Schedule your free consultation today.

  • This field is for validation purposes and should be left unchanged.
  • This field is for validation purposes and should be left unchanged.

All fields are required



(833) 330-3663

Melt in Your Mouth, Not Up Your Nose: A Warning to Snorting Chocolate

Posted in Food Safety on July 6, 2018

It’s 2018, and humans have accomplished amazing feats, from launching a Tesla into orbit to cloning monkeys. For the good or bad, science is progressing. With each moment of success, I’m awed by the vast potential of Earth’s occupants. Then, I’m assigned a subject by my editor that forces me to type out the words “Snorting Chocolate.” Come on, people.

I am not in the best position to judge chocolate consumption, nor would I turn my nose up at freely offered candy; however, if that said candy was built to skip my taste-buds on the track to my stomach, I’d delightfully refuse. No matter how much of a hardcore chocoholic I am.

Now that my initial opinion is known about this candy-feasting blasphemy, let’s take a first-person point-of-view trip back to how this unusual fad started. And yes, people do actually snort chocolate and have for a while now.

Snorting Chocolate – An Odd History

It’s 2016, in Berlin, Germany, and you’re a bit of a hipster. There’s nothing better than old school ideals, and there’s an unspoken competition between you and your friends to live and breath vintage-life. Now, you are looking to turn the night up at the local club scene, but you’ve sworn off booze, and want to keep that organic-loving body free of drugs. The euphoria of chemical use is a hard habit to kick, and you’d like a little lubrication for your good time. So, with all those variables at play, what do you do?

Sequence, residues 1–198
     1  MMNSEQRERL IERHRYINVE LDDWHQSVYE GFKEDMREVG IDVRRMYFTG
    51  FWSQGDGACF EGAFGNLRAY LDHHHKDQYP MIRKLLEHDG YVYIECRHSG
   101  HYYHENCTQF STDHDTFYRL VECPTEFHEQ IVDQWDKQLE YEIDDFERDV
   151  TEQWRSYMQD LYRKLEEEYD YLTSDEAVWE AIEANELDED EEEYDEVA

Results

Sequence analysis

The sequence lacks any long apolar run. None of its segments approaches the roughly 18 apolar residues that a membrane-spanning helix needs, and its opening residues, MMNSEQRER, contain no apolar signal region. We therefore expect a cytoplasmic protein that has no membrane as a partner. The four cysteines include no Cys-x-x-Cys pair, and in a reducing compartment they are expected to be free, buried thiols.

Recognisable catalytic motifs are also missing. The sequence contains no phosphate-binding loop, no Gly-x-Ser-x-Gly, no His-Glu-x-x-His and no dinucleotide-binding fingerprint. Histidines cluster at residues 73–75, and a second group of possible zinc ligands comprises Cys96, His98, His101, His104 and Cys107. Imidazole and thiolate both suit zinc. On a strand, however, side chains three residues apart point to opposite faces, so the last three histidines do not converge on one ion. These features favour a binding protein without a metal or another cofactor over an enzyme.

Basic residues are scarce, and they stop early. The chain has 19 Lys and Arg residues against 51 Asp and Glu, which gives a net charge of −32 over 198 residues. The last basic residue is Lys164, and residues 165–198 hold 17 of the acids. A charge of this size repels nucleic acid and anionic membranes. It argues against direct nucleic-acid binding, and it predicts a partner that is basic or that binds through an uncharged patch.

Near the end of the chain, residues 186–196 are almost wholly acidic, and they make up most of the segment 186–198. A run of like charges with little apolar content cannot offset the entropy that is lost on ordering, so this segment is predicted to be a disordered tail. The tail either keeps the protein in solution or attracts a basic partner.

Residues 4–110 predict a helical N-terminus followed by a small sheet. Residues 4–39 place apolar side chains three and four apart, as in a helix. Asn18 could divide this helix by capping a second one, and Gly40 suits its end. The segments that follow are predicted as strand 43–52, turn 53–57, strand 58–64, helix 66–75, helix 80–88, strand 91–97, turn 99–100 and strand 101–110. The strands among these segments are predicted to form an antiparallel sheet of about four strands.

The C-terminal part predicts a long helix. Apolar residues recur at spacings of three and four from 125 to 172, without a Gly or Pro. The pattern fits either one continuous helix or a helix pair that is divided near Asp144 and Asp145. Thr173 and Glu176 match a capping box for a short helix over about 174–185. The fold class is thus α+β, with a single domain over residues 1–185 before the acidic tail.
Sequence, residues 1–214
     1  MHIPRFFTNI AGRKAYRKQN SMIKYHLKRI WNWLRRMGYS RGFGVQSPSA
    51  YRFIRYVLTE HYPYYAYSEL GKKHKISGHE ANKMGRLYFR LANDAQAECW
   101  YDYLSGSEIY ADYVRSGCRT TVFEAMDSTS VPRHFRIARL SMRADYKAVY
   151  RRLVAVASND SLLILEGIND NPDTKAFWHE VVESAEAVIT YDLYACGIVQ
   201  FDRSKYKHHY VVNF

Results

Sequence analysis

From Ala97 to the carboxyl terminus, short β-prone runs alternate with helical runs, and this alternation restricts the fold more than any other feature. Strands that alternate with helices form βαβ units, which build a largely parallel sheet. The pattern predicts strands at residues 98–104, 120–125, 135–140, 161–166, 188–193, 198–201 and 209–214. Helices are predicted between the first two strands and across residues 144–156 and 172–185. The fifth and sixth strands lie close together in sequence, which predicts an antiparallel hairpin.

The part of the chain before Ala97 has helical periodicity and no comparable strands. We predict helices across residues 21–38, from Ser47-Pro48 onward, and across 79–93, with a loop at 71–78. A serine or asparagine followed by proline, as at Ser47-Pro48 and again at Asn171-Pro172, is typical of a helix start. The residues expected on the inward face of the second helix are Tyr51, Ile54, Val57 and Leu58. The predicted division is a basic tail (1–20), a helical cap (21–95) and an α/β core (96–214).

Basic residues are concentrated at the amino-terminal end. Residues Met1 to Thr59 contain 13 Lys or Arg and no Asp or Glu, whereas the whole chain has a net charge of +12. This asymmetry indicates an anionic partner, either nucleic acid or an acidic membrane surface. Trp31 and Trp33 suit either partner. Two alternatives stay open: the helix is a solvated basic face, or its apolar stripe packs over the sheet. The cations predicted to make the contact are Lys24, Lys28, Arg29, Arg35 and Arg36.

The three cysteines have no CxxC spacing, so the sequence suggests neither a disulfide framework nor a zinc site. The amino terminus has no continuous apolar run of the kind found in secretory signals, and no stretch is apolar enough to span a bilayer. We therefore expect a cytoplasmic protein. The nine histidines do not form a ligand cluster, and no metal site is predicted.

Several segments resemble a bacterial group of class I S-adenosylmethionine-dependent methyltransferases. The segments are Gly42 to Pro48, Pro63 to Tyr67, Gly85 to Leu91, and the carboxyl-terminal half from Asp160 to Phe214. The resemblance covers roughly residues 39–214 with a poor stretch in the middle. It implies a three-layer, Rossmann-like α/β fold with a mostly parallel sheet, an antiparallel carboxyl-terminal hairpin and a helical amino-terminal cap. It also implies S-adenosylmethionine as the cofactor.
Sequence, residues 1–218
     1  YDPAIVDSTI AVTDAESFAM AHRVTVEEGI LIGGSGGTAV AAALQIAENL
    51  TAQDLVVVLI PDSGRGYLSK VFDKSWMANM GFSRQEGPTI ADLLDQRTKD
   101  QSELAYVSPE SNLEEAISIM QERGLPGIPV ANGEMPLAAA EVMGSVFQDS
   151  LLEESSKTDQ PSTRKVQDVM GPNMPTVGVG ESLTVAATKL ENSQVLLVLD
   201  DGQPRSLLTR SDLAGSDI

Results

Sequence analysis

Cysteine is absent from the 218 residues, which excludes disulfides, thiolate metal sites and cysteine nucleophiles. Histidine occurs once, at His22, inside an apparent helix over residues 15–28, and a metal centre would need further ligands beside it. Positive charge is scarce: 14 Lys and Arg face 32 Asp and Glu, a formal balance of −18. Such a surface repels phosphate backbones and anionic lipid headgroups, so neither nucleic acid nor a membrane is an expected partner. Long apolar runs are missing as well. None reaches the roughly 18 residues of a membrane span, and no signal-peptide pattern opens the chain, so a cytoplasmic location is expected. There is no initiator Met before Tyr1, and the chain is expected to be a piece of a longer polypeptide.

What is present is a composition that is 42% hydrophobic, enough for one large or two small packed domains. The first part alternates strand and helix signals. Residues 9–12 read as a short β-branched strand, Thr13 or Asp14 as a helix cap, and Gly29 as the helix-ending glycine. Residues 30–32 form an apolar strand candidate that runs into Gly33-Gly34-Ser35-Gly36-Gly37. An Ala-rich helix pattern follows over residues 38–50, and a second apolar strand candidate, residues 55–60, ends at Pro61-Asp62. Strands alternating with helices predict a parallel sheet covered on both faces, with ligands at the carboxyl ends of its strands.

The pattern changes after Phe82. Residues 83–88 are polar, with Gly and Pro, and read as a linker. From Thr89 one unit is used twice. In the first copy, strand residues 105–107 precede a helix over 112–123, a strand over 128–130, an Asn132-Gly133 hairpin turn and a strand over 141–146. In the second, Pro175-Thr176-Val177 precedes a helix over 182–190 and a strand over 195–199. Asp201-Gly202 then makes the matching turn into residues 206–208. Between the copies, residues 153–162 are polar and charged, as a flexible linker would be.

Well, you take it back… Way back, to pre-Columbian times. In one of your many college courses, you studied the Mayan and the Aztec’s ritualistic use of cacao tree seeds to entrance participants. You can’t get more vintage than that, and seeds sound mighty organic. Though, the concept of organic and toxin-free often gets misconstrued. Take a look at medicinal practices of the 1800’s for organic poison enlightenment, but I digress. It was that hipster-innovative moment that cacao was administered in Scarface movie fashion. Al Pacino’s character would have seemed much less foreboding if his drug kingdom was built from chocolate. Doesn’t the concept sound ridiculous? That’s because it is.

So, that’s how the European club-scene chocolate snorting craze took shape. From there, it was only a matter of time before it hit the states. It was by Orlando, Florida based company, Legal Lean, that developed Coko Loko, after founder, Nick Anderson, watched YouTube video about the craze. According to CNN, Anderson did not seek medical consultation prior to the production of Coko Loko, but instead assumed the decreasing news coverage in Europe meant there were no major health issues related to snorting cacao. Maybe, a little more thought was warranted on the matter before development; but, that’s just my opinion.

How is Chocolate Considered a Drug?